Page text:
By now most people in America are aware of the mass automobile recall issued by General Motors. This recall was triggered by a faulty ignition switch on the Chevrolet Cobalt but has now spread to several other models totaling over 2.6 million vehicles (and counting). It would appear these faulty switches have contributed to numerous deaths which, understandably, has led to several audits and a raft of legal proceedings.
Amongst the various audit reports which have been produced was an internal review conducted by former U.S. Attorney Anton Valukas. While this review was wide ranging and highlighted several areas in which GM failed to act, one of the recurring elements of the review is GM’s culture of excuse and lack of accountability. The Valukas report, running over 300-pages, identified systemic cultural issues of avoidance and inaction.
The Valukas report reads like a dissertation on how not to structure an organization or its culture. However while the Valukas report is exclusively written about GM, I wonder how many large corporations can honestly claim to be so different.
Let me ask you a question: have you ever sat through a meeting or been on a group email with your colleagues to address a specific issue, and then two-weeks later you’ve got no idea what the outcome of that meeting was? Does it usually result in another meeting to recap on the first meeting?
Whatever happened to that? Haven’t we done this before? When did we decide to do that? Based on the findings of the Valukas report I’m sure these questions are asked at GM every day. However I’m also sure these same questions are asked in almost every company in America.
Most companies are not only poor at making decisions but, more importantly, poor at ensuring everyone knows what was decided and who is accountable for the next steps. Think of how many meetings are required to get anything moving, or worse, how many “Reply All” emails flood your inbox, most of which you’ll probably never read. This behavior leads to miscommunication, painfully slow decision making and huge losses in productivity (the McKinsey Global Institute reports that 70% of employee time is spent writing emails and searching for old information).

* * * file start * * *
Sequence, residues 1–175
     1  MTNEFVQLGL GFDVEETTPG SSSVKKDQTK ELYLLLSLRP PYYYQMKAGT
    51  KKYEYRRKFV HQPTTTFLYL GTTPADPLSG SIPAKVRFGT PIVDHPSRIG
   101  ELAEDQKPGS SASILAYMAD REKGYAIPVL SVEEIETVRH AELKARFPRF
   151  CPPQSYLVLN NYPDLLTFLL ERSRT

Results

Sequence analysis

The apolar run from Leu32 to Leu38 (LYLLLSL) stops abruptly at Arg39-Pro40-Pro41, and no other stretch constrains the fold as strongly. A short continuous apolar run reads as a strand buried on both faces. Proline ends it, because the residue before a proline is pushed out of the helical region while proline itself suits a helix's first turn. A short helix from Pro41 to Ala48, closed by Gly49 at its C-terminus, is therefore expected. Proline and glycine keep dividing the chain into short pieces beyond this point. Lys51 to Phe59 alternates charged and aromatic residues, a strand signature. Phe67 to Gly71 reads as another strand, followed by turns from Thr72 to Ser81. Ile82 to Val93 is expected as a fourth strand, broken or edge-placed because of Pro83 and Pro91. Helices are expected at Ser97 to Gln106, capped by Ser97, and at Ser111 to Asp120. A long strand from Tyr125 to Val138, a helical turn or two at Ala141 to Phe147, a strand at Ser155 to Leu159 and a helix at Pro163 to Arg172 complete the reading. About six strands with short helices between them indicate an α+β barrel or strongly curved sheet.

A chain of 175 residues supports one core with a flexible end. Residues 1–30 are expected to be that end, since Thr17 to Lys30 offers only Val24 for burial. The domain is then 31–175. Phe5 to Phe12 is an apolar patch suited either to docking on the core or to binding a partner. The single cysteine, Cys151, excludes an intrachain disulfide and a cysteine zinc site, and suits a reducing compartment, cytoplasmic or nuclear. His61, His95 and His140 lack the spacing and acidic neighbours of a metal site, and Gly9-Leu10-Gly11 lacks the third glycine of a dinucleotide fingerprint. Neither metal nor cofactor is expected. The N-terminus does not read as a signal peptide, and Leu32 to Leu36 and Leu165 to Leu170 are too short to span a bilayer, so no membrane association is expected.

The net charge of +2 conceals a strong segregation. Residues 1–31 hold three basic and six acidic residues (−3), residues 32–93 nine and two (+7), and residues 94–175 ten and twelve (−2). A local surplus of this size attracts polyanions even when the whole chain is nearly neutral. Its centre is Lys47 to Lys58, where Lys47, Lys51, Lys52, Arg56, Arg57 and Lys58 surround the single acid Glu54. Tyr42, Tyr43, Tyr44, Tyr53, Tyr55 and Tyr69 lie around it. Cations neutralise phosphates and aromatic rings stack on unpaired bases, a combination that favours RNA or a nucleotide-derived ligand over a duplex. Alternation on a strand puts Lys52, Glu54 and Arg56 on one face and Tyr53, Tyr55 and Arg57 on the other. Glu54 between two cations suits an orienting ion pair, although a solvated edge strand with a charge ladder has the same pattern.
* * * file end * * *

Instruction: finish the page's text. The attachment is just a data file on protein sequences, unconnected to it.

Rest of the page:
If companies literally live or die by the decisions they make, why is this stuff so hard? It’s not usually one issue but a combination of reasons that creates these problems. However there are two factors which are particularly common; having too many players in the decision making process and a negative view of accountability.
Reaching clear decisions is often difficult because there are so many business units who need to be involved in the process. The more stakeholders involved, the greater the chance of confusion and things slipping through the cracks. Needing to involved procurement, legal, compliance, engineering and marketing in a decision usually means needing five different meetings. This not only slows things down but dramatically increases the chances of miscommunication and finger pointing.
Over the last few years much has been said about enterprise collaboration, and breaking down silos within companies. While substantial progress has been made in recognizing the need for collaboration, little has been done to structure collaboration in a productive way. Between the company intranet, email, instant messenger, meetings, text messages and tablets there is no shortage of ways to collaborate with your colleagues. However, collaboration without a definitive outcome is just noise. Unless a tangible, transparent decision is reached all this collaboration is just busy work.
Which leads two the second, sadly, scarier issue; accountability. The A-word is the source of great fear in most organizations. No one wants to be accountable for anything.
While this seems understandable, it is people’s avoidance of accountability that so often leads to things going wrong in the first place. By attempting to avoid accountability teams often exacerbate the problem by not taking definitive steps to fix it when it is first noticed. GM’s ignition switch issue is a prime example of this. From the preliminary findings it appears the problem could have been addressed years earlier if someone had taken accountability for the issue and fixed it.
CEO Mary Barra has vowed to change the culture of GM. She could start by showing her employees that accountability should not to be perceived as a negative thing, but can actually bring positive change, because accountability gets things done. By assigning accountability as part of the decision making process productivity can be dramatically increased because tasks actually get performed. If there had been a greater emphasis on accountability perhaps GM could have fixed the faulty switches before the loss of life. Sadly, they will never know now.
Corporate America can learn a lot from GM’s misfortune. While their problems have been made public, many companies struggle with the same issues everyday: too many unproductive meetings and emails, no clear outcomes and a fear of accountability, all of which leads to inaction.
In the digital age there is nowhere to hide. Simply shedding documents does not cover things up anymore. Past emails, documents and meeting minutes will be found. So instead of avoiding accountability perhaps it’s time to embrace it. With everyone trying to not be the person that drops the ball, often no one catches it.
Instead of trying to hide from accountability we need to acknowledge that this is becoming impossible, therefore accountability should be embraced. Project managers and team leaders are constantly frustrated by the finger pointing that occurs when things go astray. And this often happens because staff are confused about exactly who is accountable for what. Teams should focus on making clear decisions, with clear outcomes AND clear accountability. When everyone knows who is responsible there is less chance the ball will be dropped.